DELAY

Data collection cost, reduced funding hurting statistical bodies – survey

The ability to meet international reporting requirements of statistics has also been impacted by the pandemic

In Summary
  • If the survey is anything to go by this could be the reason the Kenya National Bureau of Statistics(KNBS) hasn't released the Economic Survey 2020.
  • According to the survey, most statistical offices in Sub-Saharan Africa reported a decrease in funding from both government (71 percent) and donor resources
Former National Assembly Majority Leader Aden Duale.
Former National Assembly Majority Leader Aden Duale.
Image: FILE

Increase in data collection costs and a decline in funding has contributed to the delay by many governments in releasing statistical data, a new survey shows.

Locally, the Kenya National Bureau of Statistics(KNBS) is yet to release the Economic Survey 2020 and attributed this to difficulty  in collecting data due to the Covid-19 pandemic.

Typically the report is released in late April or early May, and guides the formulation of the budget by the National Treasury and Parliament.

According to the World bank and United Nations survey, many statistical offices in Sub-Saharan Africa reported a decrease in funding from both government (71 per cent) and donor resources (59 per cent), with 61 percent lamenting an increase in the costs of data collection.

These coupled with the negative effects of the pandemic, affected their ability to meet international reporting requirements and production of essential short-term statistics.

“More than half of statistical offices are affected by the pandemic at the global level, with sub-Saharan Africa as the most affected region,” the survey notes.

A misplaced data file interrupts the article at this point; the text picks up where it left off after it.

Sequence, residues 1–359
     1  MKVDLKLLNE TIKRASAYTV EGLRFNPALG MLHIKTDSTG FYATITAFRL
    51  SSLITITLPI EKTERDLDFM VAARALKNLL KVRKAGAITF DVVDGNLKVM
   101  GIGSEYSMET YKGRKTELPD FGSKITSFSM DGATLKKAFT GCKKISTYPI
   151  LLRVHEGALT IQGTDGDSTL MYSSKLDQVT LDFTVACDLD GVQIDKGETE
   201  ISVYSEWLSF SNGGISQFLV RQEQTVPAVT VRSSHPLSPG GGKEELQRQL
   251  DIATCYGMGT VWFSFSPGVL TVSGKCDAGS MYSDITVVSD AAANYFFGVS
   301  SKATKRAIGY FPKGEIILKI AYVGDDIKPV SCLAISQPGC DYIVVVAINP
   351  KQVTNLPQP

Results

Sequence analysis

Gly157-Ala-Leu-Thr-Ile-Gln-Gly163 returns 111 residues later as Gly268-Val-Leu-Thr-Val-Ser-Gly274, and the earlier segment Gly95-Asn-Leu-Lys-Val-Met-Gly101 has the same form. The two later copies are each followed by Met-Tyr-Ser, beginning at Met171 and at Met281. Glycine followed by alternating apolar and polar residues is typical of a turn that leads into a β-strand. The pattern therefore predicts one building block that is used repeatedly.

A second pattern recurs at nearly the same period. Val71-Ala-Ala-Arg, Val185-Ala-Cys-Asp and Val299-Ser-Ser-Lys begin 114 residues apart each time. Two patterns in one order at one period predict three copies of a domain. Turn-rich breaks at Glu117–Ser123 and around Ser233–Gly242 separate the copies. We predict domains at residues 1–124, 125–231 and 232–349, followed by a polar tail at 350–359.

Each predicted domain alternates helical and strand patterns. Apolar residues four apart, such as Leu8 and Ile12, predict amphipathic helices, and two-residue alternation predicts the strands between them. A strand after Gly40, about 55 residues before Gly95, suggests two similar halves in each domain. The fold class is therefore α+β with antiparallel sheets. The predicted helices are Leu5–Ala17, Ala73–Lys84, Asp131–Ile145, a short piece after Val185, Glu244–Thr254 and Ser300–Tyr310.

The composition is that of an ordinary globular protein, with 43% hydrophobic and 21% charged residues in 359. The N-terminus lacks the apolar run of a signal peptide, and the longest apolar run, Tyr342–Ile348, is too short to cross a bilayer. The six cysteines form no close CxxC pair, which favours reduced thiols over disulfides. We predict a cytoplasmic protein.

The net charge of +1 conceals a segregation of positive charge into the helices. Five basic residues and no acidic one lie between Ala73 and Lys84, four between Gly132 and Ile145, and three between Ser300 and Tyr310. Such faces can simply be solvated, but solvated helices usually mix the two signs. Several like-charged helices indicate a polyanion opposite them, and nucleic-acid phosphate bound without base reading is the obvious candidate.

According to World bank , the pandemic impacted statistical operations differently.

Surveys and censuses were the most affected, while the maintenance of statistical registers was the least affected operation.

The statistical bodies who took part in the survey said the predominant reason for the negative impact on surveys operations was the need to reduce face-to-face interactions.

For low and lower-middle income countries, the most common reasons were the need to reduce face-to-face interactions (74 per cent), funding limitations (65 per cent), and mobility restrictions or problems with transportation (57 per cent).

For upper-middle income countries, mobility restrictions or problems with transportation (77 per cent) were as predominant as the need to reduce face-to-face interactions (77 per cent).

The survey on the positive side noted that most statistical offices  reacted to the challenges presented by the pandemic by accelerating the process of modernisation.

“Six in ten reported improvements in their information and communication technology (ICT) readiness in the six months preceding the survey,” the survey read.

In low-income countries such as Kenya ,however, World bank noted that much remains to be done on this front.

The delayed release of the Economic survey and other statistical reports including the Quarterly Labour Survey Reports has seen Parliament probe KNBS.

Garissa Town MP Aden Duale wants the Finance and National Planning Committee to investigate the delay and cite the management of KNBS for breaching the Statistics Act of 2006.

The annual budgetary allocation to KNBS for the last five years is also a matter for the committee to establish.

“Despite the requirements of the Act on the timelines, KNBS has acted in breach of the law by delaying and refusing to release very critical reports that inform the national policy,” said Duale in the statement.

In May, KNBS said they delayed the release of its annual economic survey due to challenges arising from the Covid-19 pandemic.

“The delay has been occasioned by the late submission of necessary data by our respondents for the compilation of the report as a result of Covid-19-related challenges,” said Macdonald Obudho KNBS director general.

The Economic Survey report is an annual publication that provides socio-economic information covering five years.

The statistics are based on a wide variety of sources including own surveys and censuses, studies carried out by other institutions and administrative data collected by ministries, departments and agencies, county governments, and establishments.